RR: Yeah, I have been there for a bit. Backyard, housemates, bed, the works. It's my third go at living there and it seems to be sticking this time. Still gone for most of the year, but I am not paying Brooklyn rent for time away anymore. We're kinda on the far edge of town, so I can bike southeast for two miles or so and hit farms, or north a few minutes and hit strip clubs. Kinda ideal.


VB: Unfortunately, I didn't get to see you on this tour, as you didn't come to my area. But from the reviews that I have read online(namely, Austin), some of the reviewers, while admitting how mesmerizing your set was, complained about the length of it. Was there a reason an artist like yourself, with such an extensive back catalog, kept the sets so short?


RR: Well, that night was a four band bill, and we were up at 1 am so.........short was the way to play, but even besides that I usually feel that brevity is best. I almost never see a band that holds my attention for an hour(Ghost most recently was the closest), and that weighs pretty heavy on my idea of a good set length. Also, I've got a pretty bad sense of time and with us not using set lists, I think we can sometimes feel like we have been playing longer than we have. General rule is: not under thirty, never over 55, I guess. It's usually about what feels appropriate for the venue/bill/crowd. Can't be right by everyone.


VB: You have been doing this as long, or a lot longer than some of the big success stories of your genre(Iron & Wine, Bon Iver), does it ever bother you, that your level of success isn't greater?


RR: Heck yeah it does! What are you gonna do though, you know? I stop just short of picketing when Bon Iver comes through town. Also, I am well on record as hoping I have far less to do with that scene than most folks would have me to. Willful ignorance maybe?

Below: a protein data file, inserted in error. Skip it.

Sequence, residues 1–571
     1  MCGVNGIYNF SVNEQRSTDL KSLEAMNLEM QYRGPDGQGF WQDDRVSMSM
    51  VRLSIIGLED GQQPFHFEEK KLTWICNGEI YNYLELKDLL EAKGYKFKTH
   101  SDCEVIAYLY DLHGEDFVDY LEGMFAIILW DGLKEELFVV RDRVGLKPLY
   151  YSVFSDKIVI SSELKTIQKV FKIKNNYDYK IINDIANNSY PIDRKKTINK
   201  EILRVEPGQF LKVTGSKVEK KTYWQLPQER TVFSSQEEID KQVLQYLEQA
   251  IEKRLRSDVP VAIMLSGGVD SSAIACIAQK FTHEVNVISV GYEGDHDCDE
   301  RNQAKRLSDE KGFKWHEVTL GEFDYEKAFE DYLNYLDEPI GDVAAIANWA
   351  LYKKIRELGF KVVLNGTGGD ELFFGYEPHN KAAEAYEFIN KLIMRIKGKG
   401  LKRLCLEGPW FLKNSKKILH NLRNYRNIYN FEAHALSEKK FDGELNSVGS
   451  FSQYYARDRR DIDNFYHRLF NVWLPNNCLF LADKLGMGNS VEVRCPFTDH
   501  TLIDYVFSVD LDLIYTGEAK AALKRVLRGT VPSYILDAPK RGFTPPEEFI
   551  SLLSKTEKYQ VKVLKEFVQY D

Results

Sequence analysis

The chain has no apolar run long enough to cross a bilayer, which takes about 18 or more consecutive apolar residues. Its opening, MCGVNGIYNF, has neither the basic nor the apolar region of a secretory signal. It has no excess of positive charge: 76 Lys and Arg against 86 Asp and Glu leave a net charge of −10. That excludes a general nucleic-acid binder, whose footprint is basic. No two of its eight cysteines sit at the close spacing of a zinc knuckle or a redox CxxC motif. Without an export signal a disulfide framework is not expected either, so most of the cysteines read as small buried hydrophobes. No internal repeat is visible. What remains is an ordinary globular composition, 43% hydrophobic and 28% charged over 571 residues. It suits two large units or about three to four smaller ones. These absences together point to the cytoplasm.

VB: I have read in the past that you have a great appreciation for Black Metal(as I also do). You are also known for achieving some gnarly-assed tones on your guitar, have you ever considered doing a BM project?


RR: I can, and I might. Nobody is gonna know under all of that paint, and I won't be telling. It's not gonna happen if the riffs aren't all the way there though. We'll see.


VB: Ok, if Matthew Houck is our generations Willie Nelson, and you the Hank Williams, who does that make John from Deer Tick?


RR: Ha, The Tick. Man.....Buddy Holly?? I don't know. Kid rips maybe too hard for that. He's got like Springsteen's showmanship, Randy Newman's wit. Tough Call. Ladies love him.......Elvis?? So good that guy.......


VB: I know that you are about to head to Europe on tour, but what's next for Castanets?


RR: About half of the new record is written. Gonna record that when the time comes. Some soundtrack stuff is happening next year, excited about that! Tour, Tour, Tour. Sin, Sin, Sin. Bright lights, dark rooms, secret triumphs.


VB: Well, since Vitamin Burger is also a film blog, can you tell us your 3 favorite films of all time, before you leave?


RR: How about the 2000's?? And a scatterbrained/forgetful Top 12?

Starts with number one, no order after that:

Dogtown and Z-Boys

Let The Right One In

Mr. Lonely

The Assassination Of Jesse James By The Coward Robert Ford

2046

I'm Not There

Funny People

Eastern Promises

Unknown Passage:The Dead Moon Story

The Proposition

One of the Bourne Movies and/or XXX

Anchorman


I want to thank Ray so much for taking time to talk to me, and answer my questions. If you guys haven't heard Castanets yet, please do yourself a favor, and change that right NOW!!!

1 comment:

  1. great interview. I love how much you know and love music Mitch. And I love how eloquent a rocker like Ray can be, despite what some want to believe.